We can always count on Karl Lagerfeld for his showmanship. For his recent collection, he created an entire atmosphere to make his point. The show was an actual Chanel Shopping Center complete with hundreds of Chanel branded products from chainsaws outlined with the Chanel signature chain to detergent and potato chips. Whole Foods, it's time to up your game. Instagram exploded with photos of Chanel shopping baskets and candy necklaces, but the focus was on the incredible and over-the-top set rather than the actual clothes.
When I was curious enough to click through the actual clothing, I was left underwhelmed. It didn't hit the sweet spot for me. I could barely find one look that I would be excited to wear. But Karl (yes, we're on a first name basis) was doing a lot more than showcasing clothing for next season. He was making a loud statement about consumerism, feminism and democracy in fashion. It was about the convergence of luxury and real life. Every look was paired with sneakers in low and boot versions. "The flat shoe makes the woman equal of men. When they wear high shoes they play the part like a geisha, and they can't be expected to be taken seriously," Lagerfeld said (WWD). I love the intention behind his words as much as my feet love cushy flat footwear, but somehow the tweed sneakers didn't pull it off, but instead frumpified his looks.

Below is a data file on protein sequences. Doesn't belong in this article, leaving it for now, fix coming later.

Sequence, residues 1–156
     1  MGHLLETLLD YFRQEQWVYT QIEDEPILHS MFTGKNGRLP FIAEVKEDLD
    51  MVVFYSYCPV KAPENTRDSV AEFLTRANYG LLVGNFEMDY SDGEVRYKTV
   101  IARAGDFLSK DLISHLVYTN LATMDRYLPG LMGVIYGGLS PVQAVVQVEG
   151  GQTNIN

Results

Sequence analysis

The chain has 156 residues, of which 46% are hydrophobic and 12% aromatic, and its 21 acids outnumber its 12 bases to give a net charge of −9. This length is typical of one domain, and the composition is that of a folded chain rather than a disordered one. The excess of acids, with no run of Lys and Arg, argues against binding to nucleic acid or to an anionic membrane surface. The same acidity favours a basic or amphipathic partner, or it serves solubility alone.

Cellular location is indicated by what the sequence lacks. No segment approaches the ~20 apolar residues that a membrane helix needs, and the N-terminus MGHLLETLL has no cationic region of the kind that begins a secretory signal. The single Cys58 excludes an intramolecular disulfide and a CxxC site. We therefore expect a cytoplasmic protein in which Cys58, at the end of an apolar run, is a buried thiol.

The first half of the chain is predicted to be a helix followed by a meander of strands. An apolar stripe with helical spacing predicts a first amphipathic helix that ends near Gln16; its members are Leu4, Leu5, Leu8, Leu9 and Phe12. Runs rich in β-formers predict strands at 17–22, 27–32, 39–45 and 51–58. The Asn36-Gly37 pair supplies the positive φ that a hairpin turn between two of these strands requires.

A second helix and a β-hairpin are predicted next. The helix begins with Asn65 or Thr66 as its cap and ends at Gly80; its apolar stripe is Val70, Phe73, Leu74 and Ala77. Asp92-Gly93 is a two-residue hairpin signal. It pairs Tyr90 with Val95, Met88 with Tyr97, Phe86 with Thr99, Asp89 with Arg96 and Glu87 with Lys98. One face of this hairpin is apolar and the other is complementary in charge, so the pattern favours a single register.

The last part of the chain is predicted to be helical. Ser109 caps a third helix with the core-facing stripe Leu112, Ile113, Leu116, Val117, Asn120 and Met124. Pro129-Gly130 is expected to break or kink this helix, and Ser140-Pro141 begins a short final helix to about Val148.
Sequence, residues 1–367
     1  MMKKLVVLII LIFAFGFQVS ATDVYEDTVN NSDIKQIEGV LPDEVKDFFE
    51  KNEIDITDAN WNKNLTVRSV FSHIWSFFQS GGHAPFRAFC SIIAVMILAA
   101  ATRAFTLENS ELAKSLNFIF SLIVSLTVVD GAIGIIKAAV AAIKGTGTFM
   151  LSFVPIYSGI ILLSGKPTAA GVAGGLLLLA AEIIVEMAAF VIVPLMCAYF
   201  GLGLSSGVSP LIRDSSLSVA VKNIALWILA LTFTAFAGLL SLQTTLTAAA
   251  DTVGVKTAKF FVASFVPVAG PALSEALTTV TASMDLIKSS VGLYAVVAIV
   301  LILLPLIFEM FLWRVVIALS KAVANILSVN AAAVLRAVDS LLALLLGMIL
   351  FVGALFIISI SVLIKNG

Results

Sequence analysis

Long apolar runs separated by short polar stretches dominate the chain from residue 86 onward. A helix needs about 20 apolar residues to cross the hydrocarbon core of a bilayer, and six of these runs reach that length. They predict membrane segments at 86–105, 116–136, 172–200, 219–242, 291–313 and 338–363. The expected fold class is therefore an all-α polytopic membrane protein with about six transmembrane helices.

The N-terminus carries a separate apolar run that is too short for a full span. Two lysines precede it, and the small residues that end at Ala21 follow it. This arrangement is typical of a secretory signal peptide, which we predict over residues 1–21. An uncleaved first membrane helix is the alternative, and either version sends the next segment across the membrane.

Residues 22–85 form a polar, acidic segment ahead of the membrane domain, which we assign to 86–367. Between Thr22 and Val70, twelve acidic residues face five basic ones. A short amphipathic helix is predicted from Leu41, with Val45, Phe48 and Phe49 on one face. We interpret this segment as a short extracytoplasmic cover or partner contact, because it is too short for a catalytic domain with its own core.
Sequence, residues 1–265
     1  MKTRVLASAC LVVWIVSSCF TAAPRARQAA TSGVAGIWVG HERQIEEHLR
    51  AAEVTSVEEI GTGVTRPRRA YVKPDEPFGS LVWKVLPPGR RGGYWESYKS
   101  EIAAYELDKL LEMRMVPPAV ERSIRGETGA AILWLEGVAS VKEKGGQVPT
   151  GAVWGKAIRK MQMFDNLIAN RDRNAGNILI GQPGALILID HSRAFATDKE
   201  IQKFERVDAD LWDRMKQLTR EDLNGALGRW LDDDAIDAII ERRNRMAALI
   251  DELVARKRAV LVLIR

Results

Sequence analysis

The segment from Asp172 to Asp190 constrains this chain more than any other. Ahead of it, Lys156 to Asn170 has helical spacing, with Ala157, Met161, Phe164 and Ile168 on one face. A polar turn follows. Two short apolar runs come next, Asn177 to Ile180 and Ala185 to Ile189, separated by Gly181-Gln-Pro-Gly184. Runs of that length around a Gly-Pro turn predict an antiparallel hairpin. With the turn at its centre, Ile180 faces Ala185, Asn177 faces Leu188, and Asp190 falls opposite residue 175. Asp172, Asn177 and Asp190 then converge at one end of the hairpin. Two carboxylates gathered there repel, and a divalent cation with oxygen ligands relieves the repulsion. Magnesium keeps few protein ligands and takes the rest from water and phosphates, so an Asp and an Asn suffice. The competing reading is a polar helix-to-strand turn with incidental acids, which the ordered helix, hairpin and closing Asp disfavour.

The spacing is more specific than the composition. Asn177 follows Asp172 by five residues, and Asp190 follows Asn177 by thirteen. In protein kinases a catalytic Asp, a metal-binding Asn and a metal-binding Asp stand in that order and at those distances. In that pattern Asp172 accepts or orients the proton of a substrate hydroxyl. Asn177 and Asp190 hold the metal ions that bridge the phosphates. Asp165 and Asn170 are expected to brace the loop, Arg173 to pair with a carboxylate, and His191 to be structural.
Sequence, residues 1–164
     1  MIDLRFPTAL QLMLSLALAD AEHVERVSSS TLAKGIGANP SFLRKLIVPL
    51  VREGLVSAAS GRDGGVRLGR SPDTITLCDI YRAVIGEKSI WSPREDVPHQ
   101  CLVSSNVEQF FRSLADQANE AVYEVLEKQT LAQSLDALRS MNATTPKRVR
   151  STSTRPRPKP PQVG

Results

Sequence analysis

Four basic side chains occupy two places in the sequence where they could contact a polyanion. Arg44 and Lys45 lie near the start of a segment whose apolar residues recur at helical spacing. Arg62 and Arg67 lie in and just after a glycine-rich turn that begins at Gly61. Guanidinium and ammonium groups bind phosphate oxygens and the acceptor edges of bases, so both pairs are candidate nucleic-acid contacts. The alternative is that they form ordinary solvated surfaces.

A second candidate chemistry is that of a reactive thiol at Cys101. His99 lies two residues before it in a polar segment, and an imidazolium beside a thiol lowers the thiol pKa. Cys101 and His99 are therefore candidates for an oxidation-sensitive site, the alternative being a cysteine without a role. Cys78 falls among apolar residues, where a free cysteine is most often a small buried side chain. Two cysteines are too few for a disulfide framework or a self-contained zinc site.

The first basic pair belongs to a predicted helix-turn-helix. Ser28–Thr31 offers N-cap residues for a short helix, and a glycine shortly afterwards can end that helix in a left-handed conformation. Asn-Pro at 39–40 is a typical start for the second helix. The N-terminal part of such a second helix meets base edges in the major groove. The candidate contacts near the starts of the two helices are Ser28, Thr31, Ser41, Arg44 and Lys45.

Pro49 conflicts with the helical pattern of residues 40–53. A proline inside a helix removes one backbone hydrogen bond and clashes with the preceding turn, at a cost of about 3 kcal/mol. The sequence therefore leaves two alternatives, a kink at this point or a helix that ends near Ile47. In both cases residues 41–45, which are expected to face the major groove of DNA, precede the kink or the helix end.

As I thought about the collection more, I found myself harping on another great underlying concept. I've always had a theory about luxury fashion and how it is sometimes a little backwards logistically speaking. We tend to spend more money on the pieces in our closet that we wear the least. I've been making a conscious effort to invest in the everyday pieces rather than the one-time-wear pieces. I bought an amazing pair of Jil Sander double monk strap flats last year that I still wear at least 3 times a week, and I carry my Celine trapeze tote (that I purchased three years ago) almost every day. The cost-per-wear (bang-for-buck) ends up making sense in the end. Which is why, circling back to Chanel, I found it brilliant that Mr. Lagerfeld set his luxurious and expensive clothes in the context of an everyday activity - grocery shopping.